4 Tips For Reducing Stress

#1 Physical Activity

When you exercise, your body rewards you with the release of feel-good chemicals called endorphins. In addition, research shows that physical activity may increase serotonin and dopamine, two neurotransmitters involved in mood regulation.15 16 17

And mechanosensors in our bones called osteocytes are sent strong signals to build new bone. Even just getting out for a short walk can make a difference in the way you feel.

#2 Bone Breathing

As described above, when your nervous system is in a state of fight or flight, your hormones kick in, and one of the side effects is faster breathing.

In this way, short breaths signify to your body that there’s a threat around. But the good news is that you can lower your stress levels and reduce your risk of excess bone loss with a simple practice called bone breathing.

Bone breathing involves focusing attention on various parts of the skeleton as you take slow, deep breaths.

When you take these long, deep breaths you signal your body that you’re safe. And this triggers your “rest and digest” mode, also known as the parasympathetic nervous system.18 It also helps your body release built-up stress. And as we covered, lowering stress can reduce excess bone loss.

#3 Meditation

Meditation, particularly mindfulness meditation, has recently gained popularity for its ability to help calm and focus the mind. Many people assume that meditation is about emptying the mind completely, which can make efforts to meditate incredibly frustrating.

The truth is that the nature of your mind is to be active, and mindfulness meditation is simply a way to notice the activity of the mind, not turn it off altogether.

When you create enough space to notice the activity in your mind, it feels less personal, and you can more objectively view your own thought processes.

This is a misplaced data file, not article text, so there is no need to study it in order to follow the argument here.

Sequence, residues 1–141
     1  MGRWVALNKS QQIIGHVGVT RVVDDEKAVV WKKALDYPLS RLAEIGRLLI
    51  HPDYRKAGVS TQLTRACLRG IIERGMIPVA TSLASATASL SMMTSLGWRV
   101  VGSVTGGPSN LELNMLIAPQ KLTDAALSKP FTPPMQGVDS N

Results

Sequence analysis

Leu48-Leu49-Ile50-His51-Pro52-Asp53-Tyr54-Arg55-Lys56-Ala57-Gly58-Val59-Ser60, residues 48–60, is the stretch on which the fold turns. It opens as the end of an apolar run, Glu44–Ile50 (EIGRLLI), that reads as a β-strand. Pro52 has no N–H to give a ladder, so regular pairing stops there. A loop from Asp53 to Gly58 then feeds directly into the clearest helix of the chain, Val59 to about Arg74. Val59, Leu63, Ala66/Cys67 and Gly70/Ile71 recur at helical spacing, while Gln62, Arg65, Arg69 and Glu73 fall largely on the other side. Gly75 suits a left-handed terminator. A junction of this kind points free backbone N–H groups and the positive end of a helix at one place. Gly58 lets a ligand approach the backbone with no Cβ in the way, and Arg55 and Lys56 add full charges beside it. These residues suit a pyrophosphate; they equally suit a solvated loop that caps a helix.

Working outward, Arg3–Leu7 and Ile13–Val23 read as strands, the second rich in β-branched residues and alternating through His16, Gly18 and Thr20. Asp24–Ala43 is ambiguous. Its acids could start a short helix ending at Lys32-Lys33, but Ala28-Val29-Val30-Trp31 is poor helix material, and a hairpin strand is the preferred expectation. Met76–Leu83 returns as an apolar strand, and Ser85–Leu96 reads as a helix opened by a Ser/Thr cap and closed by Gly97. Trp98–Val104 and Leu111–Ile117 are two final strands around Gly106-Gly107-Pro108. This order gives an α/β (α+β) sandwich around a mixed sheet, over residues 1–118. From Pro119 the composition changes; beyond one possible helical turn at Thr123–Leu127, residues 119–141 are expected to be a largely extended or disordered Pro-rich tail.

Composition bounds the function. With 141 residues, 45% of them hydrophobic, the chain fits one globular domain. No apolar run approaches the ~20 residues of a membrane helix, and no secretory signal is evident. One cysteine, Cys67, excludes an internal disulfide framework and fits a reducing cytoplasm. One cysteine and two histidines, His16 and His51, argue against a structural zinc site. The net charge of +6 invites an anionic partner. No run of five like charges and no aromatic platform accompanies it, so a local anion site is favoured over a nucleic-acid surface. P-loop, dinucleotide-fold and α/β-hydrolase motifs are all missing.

Ultimately, most people find that by doing this, their mind quiets down naturally.19 This skill is very helpful in a stressful situation because it gives you options on how to respond to stress instead of letting your mind and body take you on the stress-hormone roller coaster.

#4 Laugh More

Everyone loves a good laugh, but most people don’t realize that laughing can actually have a profound effect on stress. In fact, research shows that laughing can decrease levels of the stress hormone cortisol.

Furthermore, the same neurotransmitters released during exercise (serotonin and dopamine) are also released when you laugh.

So if you’re feeling stressed, call up your funniest friend or throw on one of your favorite comedies and allow the laughter to do its work.20

Takeaway

During an acute stress or threat, the physiological changes that happen in your body help you deal with immediate danger.

However, if the stress response doesn’t turn off, you could get stuck in a sympathetic nervous system response that hampers vital aspects of health like immunity, digestion, and hormonal function. Ultimately, this could lead to a host of issues – including bone loss.

While avoiding stress altogether isn’t possible, you can incorporate habits into your life to help you deal with stressors as they come up. Having tools for dealing with stress can help you navigate difficult situations and calm down that stress response before it goes rogue.

To learn more about healthy aging and bone health, sign up for our newsletter and receive weekly updates.

References

  1. https://www.merriam-webster.com/dictionary/eustress               
  2. R. McCarty, “The Alarm Phase and the General Adaptation Syndrome” 2016 https://www.sciencedirect.com/topics/immunology-and-microbiology/adaptation-syndrome            
  3. Mary Ann C. Stephens, Gary Wand. “Stress and the HPA axis.” Alcohol Res. 2012; 34(4): 468–483. https://www.ncbi.nlm.nih.gov/pmc/articles/PMC3860380             
  4. Sean M. Smith, PhD, “The role of the hypothalamic-pituitary-adrenal axis in neuroendocrine responses to stress” Dialogues Clin Neurosci. 2006 Dec; 8(4): 383–395. doi: 10.31887/DCNS.2006.8.4/ssmith.
  5. https://www.frontiersin.org/articles/10.3389/fphys.2020.00200/full